Get off the sidelines and fight for our democracy
Foyle is the founder and president of Democracy Matters, a nonpartisan organization of college students working to reduce the influence of money in politics. He also played 12 years in the NBA, mostly with the Golden State Warriors.
Can you imagine waking up one day to find our democracy gone? To find yourself in a country where rule "by the people, for the people" is replaced with a political system where only the super-wealthy make the decisions and call the shots?
Sadly, this isn't just a thought exercise. It's happening to us right now. When mega-donations by rich political funders determine who runs for office and who wins elections, the foundations of our democracy erode and the peoples' voice is silenced.
Sometimes, the erosion is so slow, we hardly notice. But other times, it results from a single change that threatens our democracy.
On Jan. 21, 2010, the Supreme Court ruled on Citizens United v FEC, opening the door to unlimited anonymous corporate spending in our elections. The result has been to exponentially increase the power of private wealth in politics.
While life as we know it didn't end that day, a decade later the impact of that decision still reverberates.
Citizens United, in essence, says corporate political spending is protected political speech. That means corporations and political action committees can spend as much as they want in support of a candidate, so long as that candidate doesn't receive the money directly or coordinate with the donors about how it is spent.
As we pass the 10th anniversary of that ruling, we wake up to an America struggling to preserve one of our core beliefs — that our government was created to serve the interests of all its citizens. Instead, we have a political system where it is legal for a small group of mega-donors to fund candidates who win elections and then make rules that benefit the donors.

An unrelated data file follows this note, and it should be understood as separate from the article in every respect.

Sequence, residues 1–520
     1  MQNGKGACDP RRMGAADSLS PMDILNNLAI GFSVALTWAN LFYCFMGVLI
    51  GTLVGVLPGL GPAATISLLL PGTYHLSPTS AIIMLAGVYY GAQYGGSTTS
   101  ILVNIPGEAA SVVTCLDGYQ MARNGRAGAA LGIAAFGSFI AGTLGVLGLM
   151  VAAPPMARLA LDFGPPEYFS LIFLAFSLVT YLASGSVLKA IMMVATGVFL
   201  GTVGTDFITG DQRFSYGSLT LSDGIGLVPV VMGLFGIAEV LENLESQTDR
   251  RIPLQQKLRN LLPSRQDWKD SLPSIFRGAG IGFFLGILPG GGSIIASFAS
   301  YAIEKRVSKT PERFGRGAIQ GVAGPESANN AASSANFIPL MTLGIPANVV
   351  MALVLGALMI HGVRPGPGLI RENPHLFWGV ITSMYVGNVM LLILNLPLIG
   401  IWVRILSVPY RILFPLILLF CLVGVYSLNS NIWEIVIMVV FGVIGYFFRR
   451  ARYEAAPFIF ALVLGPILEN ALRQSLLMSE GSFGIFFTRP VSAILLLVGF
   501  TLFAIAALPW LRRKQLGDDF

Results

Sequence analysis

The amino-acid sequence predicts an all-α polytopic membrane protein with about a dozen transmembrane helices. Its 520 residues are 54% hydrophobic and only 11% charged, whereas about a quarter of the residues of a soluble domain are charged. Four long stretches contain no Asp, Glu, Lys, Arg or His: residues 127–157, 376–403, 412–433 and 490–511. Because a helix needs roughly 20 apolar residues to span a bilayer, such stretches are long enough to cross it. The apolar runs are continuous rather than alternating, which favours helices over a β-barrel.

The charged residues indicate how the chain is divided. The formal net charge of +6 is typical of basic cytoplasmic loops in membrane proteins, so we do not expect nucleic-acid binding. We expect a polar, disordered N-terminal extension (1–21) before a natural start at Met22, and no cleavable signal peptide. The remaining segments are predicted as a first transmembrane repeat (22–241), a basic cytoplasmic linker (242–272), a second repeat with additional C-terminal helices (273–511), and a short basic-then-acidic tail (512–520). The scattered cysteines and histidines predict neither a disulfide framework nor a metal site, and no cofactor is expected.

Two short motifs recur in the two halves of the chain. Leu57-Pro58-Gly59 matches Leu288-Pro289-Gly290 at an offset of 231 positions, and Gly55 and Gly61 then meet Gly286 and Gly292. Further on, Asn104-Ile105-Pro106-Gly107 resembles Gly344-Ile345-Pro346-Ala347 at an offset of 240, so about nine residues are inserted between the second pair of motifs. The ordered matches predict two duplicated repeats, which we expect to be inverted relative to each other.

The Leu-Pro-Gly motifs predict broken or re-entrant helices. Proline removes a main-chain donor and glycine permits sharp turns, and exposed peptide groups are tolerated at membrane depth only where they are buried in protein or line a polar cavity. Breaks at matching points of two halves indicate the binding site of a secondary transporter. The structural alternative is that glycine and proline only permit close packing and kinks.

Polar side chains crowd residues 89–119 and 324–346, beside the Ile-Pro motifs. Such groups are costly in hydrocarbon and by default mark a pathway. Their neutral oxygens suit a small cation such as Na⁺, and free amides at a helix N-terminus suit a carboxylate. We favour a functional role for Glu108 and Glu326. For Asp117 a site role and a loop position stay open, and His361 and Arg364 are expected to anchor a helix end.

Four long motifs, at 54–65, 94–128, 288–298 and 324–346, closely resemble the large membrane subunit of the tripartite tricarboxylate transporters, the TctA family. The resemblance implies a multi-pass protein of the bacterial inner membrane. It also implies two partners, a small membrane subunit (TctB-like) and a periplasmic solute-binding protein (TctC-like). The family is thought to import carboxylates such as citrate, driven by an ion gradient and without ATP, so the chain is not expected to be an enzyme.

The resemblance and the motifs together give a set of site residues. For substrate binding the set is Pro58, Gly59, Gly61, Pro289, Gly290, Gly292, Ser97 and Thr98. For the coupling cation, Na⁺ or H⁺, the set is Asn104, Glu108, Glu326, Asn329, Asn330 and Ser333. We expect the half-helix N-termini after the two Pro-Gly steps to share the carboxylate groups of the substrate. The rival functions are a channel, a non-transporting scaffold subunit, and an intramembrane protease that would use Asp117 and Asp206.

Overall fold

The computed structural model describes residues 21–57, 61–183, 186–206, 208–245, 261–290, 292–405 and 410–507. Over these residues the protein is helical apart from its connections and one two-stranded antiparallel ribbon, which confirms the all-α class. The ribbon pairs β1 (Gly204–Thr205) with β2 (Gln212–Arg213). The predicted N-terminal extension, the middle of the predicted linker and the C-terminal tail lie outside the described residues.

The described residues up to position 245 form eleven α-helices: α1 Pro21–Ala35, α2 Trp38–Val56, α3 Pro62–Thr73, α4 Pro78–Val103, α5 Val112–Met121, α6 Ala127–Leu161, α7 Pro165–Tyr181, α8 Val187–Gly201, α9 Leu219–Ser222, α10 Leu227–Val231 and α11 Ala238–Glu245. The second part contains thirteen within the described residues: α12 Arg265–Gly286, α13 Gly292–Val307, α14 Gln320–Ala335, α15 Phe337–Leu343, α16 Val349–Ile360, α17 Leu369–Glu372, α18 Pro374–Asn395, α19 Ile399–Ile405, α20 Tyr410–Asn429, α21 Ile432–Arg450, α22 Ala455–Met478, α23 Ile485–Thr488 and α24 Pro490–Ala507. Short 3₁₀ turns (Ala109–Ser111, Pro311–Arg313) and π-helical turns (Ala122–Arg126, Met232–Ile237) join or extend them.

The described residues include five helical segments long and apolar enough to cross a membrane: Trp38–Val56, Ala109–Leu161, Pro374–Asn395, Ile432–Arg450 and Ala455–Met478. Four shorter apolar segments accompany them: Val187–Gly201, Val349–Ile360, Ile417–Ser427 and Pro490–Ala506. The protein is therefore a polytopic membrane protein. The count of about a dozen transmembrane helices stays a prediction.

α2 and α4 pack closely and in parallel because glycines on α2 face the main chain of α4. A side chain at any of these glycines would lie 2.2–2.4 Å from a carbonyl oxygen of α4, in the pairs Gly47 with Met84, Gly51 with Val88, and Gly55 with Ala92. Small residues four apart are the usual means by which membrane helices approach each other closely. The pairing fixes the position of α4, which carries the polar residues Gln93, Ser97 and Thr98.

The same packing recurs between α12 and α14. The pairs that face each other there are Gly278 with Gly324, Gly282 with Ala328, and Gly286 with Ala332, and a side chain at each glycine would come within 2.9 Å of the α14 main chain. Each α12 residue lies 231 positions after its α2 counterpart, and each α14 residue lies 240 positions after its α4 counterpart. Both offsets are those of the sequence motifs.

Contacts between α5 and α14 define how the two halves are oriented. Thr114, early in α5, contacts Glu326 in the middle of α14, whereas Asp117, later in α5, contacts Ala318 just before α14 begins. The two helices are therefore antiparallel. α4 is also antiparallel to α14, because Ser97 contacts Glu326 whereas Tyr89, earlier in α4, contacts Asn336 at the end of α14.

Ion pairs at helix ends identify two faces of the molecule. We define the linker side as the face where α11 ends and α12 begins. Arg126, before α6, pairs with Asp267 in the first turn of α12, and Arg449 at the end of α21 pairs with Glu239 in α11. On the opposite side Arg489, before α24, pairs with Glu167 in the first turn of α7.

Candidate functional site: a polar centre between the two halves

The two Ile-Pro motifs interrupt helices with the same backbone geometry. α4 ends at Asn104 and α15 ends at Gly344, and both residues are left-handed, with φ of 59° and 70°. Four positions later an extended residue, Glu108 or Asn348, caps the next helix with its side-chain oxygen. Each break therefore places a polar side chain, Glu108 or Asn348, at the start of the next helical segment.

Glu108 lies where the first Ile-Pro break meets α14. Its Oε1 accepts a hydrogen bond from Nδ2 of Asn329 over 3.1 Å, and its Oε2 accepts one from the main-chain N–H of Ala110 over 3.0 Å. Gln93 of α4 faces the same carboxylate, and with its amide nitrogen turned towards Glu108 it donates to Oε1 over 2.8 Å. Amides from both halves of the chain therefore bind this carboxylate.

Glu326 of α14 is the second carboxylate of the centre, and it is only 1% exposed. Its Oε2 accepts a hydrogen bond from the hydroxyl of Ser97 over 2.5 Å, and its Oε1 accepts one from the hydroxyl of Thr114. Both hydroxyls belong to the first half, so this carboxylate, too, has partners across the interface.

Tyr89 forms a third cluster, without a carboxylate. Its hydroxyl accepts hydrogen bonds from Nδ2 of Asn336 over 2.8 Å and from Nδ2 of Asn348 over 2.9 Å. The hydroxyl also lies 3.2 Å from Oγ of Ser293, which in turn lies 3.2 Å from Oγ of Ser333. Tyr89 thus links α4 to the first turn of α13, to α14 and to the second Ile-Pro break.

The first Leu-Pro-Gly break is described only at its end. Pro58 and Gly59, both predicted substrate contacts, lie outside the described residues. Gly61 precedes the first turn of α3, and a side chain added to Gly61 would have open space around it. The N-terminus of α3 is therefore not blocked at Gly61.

Applied to sports, it would be as if rich gamblers were allowed, by law, to pay off referees to favor one team over another. Sports would be ruined — everyone would know that the games weren't fair. But today our political system is being ruined because of the power of big money in elections.
Politics should be at least as fair as sports! Instead, we are selling our democracy to the highest bidder.
The first five years after Citizens United saw the rise of the super PAC — and the amount of big money in politics exploded. A Brennan Center for Justice report found that fewer than 200 big donors accounted for nearly 60 percent of all super PAC spending between 2010 and 2015. And in the 2016 election, political action committees spent $1.6 billion on behalf of campaigns.
Both super PACs and political action committees funded by the rich are already on track to spend even more in the 2020 election. You can draw a straight line from that money to policies and laws that will benefit the mega-donors — massive tax breaks for the wealthy, drug prices that most Americans can't afford, and weaker environmental regulations among them.
But we don't have to stand by and watch our democracy crumble. It's not too late for us to find a way to put the big money genie back in the bottle.
We can organize and educate our friends and neighbors. We can turn out and vote. And we can urge others to do so as well. If you're a student, you can get in the fight by joining my nonpartisan national student organization.
Right now, there are bills sitting on Senate Majority Leader Mitch McConnell's desk that would not only curb the undue influence of big money but also protect voting rights, especially in communities of color that have historically been discriminated against.
We should demand that our senators give these bills a hearing. And if they refuse, we need to elect senators who will vote to put democracy back where it belongs — in the hands of all the people.
So, don't just sit by and watch our democracy die. Get off the sidelines. Get in the game.
- Students know democracy matters - The Fulcrum ›
- Adonal Foyle ›
- Democracy Matters - The Fulcrum ›
- Politics needs to be less like a boxing match - The Fulcrum ›